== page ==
On Oahu, there is a lei draping ceremony at King Kamehameha’s statue at Ali’iolani Hale, the annual King Kamehameha Hula Competition at Blaisdell Arena, and the floral parade in Waikiki. The King Kamehameha Celebration Floral Parade is the longest parade in the state.

On the Big Island of Hawai’i, there is a lei draping ceremony at the original statue of King Kamehameha at his birthplace in North Kohala followed by a Ho’olaule’a, and the Kamehameha Festival in Hilo.

Read more about Kamehameha Day festivities in 2017.

‘UKULELE PLAYERS can learn to play two songs honoring King Kamehameha:

  1. Na Ali’i, a traditional Hawaiian song written by Samuel Kuahiwi in 1928 in praise of the chiefs and includes two of their famous sayings. Purchase the single song and download the PDF song sheet with Hum Ding-Ah Strum, video lesson, audio recording, and video story behind the song in keeping with Hawaiian oral history traditions. Buy Now.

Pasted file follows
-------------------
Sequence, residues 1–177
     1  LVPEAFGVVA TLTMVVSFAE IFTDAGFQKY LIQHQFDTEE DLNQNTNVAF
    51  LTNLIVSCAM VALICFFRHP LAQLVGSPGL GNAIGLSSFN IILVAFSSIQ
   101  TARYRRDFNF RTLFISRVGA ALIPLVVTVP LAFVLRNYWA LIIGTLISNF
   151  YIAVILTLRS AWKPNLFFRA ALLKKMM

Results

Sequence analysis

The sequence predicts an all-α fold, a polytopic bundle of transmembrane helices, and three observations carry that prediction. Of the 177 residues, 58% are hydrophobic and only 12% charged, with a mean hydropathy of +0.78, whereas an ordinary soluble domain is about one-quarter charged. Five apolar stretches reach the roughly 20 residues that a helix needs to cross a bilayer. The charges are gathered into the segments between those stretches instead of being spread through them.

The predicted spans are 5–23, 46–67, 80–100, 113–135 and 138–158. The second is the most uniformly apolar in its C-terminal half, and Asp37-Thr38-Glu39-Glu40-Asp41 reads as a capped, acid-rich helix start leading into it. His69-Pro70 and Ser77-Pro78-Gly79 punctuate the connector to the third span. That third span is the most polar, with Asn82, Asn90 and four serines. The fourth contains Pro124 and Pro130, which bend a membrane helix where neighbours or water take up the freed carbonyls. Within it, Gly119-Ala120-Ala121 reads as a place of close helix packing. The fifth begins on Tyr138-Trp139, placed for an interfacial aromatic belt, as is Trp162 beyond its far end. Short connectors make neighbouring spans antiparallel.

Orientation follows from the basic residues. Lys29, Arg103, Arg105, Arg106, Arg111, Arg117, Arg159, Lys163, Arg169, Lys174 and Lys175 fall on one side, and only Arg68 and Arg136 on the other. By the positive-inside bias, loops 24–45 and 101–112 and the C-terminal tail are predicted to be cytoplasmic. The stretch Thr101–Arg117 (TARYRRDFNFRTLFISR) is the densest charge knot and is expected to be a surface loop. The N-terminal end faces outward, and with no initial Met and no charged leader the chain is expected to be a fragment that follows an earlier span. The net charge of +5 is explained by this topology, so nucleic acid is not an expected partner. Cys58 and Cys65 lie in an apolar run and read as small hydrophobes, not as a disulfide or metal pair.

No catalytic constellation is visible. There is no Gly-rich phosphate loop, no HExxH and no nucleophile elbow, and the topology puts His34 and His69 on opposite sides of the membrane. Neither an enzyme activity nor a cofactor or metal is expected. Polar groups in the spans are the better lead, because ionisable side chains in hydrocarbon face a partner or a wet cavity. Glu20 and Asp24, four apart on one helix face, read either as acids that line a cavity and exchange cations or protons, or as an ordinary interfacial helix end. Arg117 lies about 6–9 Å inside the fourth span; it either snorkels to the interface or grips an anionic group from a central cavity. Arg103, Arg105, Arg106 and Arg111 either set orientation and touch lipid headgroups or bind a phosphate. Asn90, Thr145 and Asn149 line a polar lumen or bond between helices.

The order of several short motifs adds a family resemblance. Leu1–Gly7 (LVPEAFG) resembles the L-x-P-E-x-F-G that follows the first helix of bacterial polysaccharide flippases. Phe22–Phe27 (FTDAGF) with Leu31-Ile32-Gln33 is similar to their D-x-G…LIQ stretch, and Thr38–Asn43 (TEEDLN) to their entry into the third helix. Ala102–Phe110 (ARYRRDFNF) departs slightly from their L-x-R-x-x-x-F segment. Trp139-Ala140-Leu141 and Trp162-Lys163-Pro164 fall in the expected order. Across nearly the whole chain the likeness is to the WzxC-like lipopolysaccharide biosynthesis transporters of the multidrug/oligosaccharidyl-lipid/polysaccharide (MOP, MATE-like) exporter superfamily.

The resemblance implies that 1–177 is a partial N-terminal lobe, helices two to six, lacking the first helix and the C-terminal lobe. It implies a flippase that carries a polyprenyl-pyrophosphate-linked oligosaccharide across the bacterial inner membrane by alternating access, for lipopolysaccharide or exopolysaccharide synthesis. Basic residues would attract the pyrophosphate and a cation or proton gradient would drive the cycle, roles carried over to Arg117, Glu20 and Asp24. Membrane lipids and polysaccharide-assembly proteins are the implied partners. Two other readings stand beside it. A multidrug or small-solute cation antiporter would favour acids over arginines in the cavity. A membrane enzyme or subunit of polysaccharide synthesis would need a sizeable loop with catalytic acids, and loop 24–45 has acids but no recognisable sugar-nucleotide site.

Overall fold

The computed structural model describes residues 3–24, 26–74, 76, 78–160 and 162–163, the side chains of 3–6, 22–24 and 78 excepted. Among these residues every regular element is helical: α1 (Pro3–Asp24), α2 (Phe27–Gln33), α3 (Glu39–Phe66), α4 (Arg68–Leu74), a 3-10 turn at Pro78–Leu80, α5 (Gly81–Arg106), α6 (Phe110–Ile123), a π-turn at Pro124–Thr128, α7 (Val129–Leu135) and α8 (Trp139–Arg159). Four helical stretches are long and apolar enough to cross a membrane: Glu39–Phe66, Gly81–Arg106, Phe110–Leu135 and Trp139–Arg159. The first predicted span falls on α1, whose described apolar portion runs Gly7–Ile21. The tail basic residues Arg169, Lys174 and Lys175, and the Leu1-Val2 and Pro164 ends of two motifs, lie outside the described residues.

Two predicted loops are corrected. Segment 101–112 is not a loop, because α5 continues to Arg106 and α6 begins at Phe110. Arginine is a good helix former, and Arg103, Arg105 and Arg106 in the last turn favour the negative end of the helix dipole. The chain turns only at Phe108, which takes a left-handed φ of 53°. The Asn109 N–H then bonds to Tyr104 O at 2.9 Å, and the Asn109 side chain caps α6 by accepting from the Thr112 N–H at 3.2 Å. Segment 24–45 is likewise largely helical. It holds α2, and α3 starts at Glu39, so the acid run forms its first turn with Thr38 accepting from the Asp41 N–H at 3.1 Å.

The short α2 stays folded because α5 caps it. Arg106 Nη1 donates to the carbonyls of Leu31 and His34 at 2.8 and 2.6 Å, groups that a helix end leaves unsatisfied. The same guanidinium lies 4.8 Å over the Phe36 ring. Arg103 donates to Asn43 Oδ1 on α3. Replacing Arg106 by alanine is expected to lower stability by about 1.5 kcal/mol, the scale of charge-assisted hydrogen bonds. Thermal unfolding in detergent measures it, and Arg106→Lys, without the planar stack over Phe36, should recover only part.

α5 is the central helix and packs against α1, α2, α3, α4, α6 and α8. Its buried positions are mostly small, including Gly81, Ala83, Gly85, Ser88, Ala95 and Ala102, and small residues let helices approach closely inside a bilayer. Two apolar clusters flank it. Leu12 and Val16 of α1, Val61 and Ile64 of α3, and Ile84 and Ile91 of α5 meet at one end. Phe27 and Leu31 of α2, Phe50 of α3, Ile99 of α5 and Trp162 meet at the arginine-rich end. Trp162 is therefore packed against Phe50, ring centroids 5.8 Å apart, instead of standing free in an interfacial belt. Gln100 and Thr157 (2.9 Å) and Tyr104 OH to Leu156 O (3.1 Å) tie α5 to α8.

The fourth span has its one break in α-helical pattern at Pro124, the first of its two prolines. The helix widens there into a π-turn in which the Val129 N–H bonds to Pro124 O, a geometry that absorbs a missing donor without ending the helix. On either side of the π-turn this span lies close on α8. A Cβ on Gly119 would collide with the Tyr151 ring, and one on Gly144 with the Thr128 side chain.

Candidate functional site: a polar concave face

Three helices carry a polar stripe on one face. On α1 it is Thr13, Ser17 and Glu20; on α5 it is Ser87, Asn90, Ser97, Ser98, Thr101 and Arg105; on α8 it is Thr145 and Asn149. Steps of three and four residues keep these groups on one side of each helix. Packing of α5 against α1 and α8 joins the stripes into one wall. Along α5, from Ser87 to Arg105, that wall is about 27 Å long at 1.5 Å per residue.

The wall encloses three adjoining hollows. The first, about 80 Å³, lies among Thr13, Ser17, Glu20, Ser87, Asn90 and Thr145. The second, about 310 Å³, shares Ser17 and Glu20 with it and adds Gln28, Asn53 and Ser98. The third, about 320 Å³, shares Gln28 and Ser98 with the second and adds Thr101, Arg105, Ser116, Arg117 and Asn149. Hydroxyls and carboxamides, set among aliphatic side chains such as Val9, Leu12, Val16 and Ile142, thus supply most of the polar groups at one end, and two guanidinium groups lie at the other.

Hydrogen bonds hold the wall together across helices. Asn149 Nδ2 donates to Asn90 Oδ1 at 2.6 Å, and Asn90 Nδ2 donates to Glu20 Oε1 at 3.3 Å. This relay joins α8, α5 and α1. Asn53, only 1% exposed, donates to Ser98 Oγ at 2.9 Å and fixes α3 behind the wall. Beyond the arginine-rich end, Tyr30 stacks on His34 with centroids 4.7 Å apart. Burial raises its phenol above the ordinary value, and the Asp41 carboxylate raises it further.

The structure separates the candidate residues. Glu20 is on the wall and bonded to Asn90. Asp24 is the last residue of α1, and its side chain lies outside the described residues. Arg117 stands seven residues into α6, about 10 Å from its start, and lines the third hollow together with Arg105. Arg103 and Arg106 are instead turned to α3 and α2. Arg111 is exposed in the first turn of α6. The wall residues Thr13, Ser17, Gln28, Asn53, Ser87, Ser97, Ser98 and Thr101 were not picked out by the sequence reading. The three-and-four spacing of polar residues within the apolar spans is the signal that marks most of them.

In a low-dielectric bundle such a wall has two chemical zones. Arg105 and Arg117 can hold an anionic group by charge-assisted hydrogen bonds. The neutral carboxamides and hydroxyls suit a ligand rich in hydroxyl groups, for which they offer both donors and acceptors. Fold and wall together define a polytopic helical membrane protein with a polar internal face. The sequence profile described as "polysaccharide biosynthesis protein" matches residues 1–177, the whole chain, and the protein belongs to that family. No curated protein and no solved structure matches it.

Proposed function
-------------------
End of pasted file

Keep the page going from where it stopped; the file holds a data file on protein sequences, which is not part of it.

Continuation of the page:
2. King Kamehameha the Conqueror of the Islands, a hapa haole song written by Johnny Noble and Ted Fiorito in 1934, tells the story in English. Listen to the audio recording in the free online Fan Club and then schedule private lessons by webcam or on Maui to get the PDF song sheet with I Wanna Rest Strum and 4 And Strum and to learn how to play it.

Aloha, Mele Fong aka Ukulele Mele

April 26 Lahaina Library Show

www.UkuleleMeleOnMaui.com

Learn about the history of the ‘ukulele and enjoy a concert

The Hawaiian Serenaders will be presenting a program History of the ‘Ukulele and Concert on Wednesday, April 26 at 10:30 a.m. at Lahaina Public Library. Come and learn about the ‘ukulele, Hawaii’s official instrument, including the types, parts, tuning, and how playing the ‘ukulele has evolved. Discover the stories behind the songs and enjoy a musical mixed plate concert as we embark on a musical journey through time. The program is sponsored by UH Statewide Cultural Extension Program and thus free to the public. Join us!